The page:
United States: Trading And Markets Enforcement Report

The last several years have seen law enforcement and regulatory bodies sharpen their focus on trading activity in the securities and derivatives markets. This focus has coincided with the advent of new and expanded reporting, surveillance, and enforcement powers that arose from responses to the financial crisis. Prosecutors and regulators are using those powers daily to enforce both newer and longstanding restrictions on trading activity. New developments and precedents emerge nearly every day, and the key events merit full attention in the design of trading strategies, the implementation of compliance programs, and— when necessary—the development of legal defenses. The following report serves as a practical guide intended to keep asset managers, broker-dealers, and other trading firms current on important legal developments in this area.


FINRA Issues Inaugural Round of Cross-Market Spoofing and Layering Report Cards

In late April, FINRA made available to its member firms the inaugural round of monthly cross-market equities supervision report cards focused on spoofing and layering. FINRA's report cards are designed to help firms track compliance with certain equity trading rules, such as trade reporting, best execution, and now, spoofing and layering. The recently issued report cards are specifically designed to help firms identify and halt spoofing and layering activity by summarizing such potential activity and related exceptions and trends during the prior six months. The report cards better enable firms to flag suspicious trading patterns by providing access to FINRA's "cross-market data" and advanced surveillance technology.

The spoofing and layering report cards are not made public; rather, they are sent to firms at which FINRA identifies potential spoofing or layering by the firms or entities provided with market access by the firms. FINRA has stated that the report cards do not represent findings that any violations have occurred. Nevertheless, firms should be on notice that FINRA will expect them to use the report cards to bolster surveillance in this area and take necessary action to prevent spoofing and layering. This is especially true if the report cards disclose potential problems at a firm. Firms that are not responsive to signs that they may be engaging in or facilitating spoofing and layering may find themselves in FINRA's crosshairs during future examinations or potential disciplinary actions. FINRA's latest initiative thus marks yet another layer of scrutiny that firms are facing, as regulators attempt to root out spoofing and other deceptive trading practices.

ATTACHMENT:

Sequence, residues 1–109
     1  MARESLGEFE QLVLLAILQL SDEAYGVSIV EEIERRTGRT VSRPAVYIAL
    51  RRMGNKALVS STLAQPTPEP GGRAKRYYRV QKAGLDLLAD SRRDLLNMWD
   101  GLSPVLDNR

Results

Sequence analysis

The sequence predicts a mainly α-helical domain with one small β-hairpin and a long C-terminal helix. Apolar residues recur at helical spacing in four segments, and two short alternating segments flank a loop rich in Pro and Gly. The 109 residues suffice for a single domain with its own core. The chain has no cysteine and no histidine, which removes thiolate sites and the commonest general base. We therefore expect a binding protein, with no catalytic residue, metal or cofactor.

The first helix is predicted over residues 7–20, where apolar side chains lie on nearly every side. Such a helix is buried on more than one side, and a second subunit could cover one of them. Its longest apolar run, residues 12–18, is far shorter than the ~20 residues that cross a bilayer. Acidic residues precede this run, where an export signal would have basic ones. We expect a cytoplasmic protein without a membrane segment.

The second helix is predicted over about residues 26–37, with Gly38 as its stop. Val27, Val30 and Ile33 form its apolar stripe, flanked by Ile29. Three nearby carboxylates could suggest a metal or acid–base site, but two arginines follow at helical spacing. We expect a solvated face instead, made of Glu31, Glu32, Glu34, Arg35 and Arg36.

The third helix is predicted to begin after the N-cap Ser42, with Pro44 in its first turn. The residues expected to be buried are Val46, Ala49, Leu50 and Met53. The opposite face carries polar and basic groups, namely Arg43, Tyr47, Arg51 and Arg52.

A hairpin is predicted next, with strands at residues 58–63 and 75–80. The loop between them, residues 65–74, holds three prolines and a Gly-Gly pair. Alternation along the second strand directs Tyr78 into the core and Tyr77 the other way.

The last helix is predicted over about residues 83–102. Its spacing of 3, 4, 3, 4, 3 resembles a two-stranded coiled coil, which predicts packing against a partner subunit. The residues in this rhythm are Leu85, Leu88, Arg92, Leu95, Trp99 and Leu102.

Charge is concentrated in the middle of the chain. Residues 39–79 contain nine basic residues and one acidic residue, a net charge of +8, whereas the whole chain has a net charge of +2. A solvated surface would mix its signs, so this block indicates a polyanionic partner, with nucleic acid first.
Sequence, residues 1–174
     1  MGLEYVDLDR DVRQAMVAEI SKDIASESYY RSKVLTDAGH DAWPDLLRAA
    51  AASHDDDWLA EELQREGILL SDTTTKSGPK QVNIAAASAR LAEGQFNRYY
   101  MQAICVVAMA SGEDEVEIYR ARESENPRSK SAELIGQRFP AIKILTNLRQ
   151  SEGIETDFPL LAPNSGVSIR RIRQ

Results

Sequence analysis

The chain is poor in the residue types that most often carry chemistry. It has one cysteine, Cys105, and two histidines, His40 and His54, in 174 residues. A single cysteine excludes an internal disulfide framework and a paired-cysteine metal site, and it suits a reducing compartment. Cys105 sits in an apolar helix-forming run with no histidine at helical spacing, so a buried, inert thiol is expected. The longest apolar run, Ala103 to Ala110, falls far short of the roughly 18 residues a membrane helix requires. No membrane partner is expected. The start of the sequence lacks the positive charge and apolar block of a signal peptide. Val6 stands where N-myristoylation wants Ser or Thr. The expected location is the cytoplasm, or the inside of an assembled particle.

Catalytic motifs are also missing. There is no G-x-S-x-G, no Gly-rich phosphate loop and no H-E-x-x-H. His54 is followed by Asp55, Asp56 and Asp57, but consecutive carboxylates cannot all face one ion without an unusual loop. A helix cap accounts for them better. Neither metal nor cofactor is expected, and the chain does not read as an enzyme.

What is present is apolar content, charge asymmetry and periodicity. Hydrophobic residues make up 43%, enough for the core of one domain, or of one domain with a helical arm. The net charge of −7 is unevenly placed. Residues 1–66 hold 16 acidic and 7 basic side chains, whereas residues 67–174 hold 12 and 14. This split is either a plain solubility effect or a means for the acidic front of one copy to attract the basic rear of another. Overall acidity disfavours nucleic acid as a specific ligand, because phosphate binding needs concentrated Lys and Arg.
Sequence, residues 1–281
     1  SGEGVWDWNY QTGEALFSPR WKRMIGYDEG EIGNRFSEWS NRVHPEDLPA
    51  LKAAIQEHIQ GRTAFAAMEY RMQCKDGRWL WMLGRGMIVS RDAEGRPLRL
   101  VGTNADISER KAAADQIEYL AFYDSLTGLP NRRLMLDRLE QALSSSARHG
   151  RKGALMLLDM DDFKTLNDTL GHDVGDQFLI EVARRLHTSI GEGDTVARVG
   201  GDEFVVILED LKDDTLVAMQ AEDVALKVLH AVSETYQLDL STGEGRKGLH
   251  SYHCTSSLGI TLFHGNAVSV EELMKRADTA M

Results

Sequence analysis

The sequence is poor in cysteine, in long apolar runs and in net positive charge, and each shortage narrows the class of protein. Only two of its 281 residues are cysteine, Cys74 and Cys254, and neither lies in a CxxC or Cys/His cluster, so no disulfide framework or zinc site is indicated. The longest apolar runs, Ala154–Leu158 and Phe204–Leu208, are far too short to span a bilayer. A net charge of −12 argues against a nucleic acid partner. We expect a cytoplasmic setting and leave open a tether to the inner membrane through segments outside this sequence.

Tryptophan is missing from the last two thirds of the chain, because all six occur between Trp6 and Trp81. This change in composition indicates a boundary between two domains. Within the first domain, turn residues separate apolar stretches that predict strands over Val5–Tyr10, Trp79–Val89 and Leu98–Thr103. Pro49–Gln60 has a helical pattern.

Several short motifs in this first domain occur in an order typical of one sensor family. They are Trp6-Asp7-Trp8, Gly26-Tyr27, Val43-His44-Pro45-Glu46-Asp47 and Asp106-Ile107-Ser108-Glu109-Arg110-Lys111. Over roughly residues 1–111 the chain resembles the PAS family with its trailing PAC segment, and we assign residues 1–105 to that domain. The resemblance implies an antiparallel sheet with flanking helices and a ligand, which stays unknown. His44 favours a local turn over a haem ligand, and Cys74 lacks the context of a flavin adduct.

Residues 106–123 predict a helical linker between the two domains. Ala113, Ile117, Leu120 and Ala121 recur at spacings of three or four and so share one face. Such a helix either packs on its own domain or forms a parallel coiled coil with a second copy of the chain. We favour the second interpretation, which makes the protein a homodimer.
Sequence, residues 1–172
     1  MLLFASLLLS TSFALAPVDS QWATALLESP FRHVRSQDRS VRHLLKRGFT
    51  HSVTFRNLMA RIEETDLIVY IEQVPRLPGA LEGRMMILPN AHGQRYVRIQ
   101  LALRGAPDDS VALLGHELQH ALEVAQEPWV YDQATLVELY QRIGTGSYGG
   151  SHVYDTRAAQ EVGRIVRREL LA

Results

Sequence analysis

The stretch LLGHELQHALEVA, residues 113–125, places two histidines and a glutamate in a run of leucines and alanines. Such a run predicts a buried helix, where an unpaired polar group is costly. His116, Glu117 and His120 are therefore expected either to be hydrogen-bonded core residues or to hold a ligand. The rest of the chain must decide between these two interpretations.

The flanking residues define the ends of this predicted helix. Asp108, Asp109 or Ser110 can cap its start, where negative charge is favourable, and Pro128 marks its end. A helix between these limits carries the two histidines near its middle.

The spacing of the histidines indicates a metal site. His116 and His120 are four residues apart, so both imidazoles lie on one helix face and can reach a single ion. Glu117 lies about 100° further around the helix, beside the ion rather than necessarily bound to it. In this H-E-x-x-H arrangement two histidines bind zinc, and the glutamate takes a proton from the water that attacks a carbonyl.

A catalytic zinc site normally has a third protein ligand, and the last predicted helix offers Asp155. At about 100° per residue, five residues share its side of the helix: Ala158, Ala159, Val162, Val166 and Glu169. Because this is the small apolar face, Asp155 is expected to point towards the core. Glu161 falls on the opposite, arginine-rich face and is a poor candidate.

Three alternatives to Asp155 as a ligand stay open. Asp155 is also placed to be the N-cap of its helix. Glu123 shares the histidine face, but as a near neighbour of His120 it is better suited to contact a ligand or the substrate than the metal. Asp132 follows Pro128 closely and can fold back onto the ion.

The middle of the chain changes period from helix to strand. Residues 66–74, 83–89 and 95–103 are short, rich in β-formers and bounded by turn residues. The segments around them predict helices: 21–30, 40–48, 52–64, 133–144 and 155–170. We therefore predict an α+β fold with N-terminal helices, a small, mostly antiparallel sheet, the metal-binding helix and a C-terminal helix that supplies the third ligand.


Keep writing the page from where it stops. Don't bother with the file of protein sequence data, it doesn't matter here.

FINRA Staff Keeps Focus on Manipulative Trading

Manipulative trading prevention was a key area of focus at the May 2016 FINRA annual conference. The conference highlighted new technology and cross-market surveillance that make it easier for regulators to detect illicit trading patterns, including spoofing and layering. This sophisticated technology will make it more difficult for firms to argue that potential manipulations are isolated incidents. As noted above, Jon Kroeper, the executive vice president of FINRA's market regulation department's quality of markets section, explained that FINRA has sent out—and will continue to send out—report cards to each firm detailing instances of suspected layering and spoofing. FINRA intends these written warnings to help firms detect and stop manipulative conduct, giving them the opportunity to correct violations early on, potentially before enforcement action is taken.

The head of FINRA's market regulation department's legal group, Robert Marchman, said FINRA will remain vigilant regarding compliance with Rule 15c3-5 of the Securities Exchange Act of 1934—the "Market Access Rule"—the purpose of which is to (1) ensure that firms do not give unauthorized traders access to the market and (2) require firms to monitor for manipulative conduct. Violators of Rule 15c3-5 may face seven-figure fines for insufficient controls to identify manipulative practices. According to Mr. Marchman, fines will be determined based on the specific facts and circumstances of each matter. Firms that self-report violations or provide FINRA with helpful information regarding the enforcement action may be eligible for smaller fines.